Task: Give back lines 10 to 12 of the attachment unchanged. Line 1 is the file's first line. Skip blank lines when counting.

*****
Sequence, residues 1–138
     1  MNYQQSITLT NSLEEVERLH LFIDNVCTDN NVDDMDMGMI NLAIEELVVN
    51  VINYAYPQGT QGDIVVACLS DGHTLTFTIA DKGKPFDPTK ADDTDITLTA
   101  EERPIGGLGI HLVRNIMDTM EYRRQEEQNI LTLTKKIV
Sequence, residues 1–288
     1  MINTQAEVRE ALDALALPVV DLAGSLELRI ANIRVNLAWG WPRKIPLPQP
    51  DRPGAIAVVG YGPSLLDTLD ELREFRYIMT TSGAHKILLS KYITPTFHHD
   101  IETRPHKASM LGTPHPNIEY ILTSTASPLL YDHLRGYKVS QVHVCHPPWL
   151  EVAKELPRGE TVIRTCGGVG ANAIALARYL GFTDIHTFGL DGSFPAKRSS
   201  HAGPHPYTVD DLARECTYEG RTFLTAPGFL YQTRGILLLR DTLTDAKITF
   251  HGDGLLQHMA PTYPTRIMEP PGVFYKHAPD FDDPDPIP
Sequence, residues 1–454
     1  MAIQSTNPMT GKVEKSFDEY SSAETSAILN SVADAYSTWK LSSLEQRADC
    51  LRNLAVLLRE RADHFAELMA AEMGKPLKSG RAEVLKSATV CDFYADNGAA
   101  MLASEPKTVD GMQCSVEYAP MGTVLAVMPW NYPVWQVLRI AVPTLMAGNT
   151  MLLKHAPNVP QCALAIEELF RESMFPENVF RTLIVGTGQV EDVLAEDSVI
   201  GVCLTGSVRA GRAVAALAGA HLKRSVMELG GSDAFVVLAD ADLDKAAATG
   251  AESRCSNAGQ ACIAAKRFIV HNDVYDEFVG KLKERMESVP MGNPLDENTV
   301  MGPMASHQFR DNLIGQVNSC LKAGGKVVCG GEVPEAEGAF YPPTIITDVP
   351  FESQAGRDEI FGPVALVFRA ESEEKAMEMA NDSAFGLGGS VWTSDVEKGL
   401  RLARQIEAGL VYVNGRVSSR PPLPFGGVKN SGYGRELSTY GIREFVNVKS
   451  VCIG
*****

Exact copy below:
   201  HAGPHPYTVD DLARECTYEG RTFLTAPGFL YQTRGILLLR DTLTDAKITF
   251  HGDGLLQHMA PTYPTRIMEP PGVFYKHAPD FDDPDPIP
Sequence, residues 1–454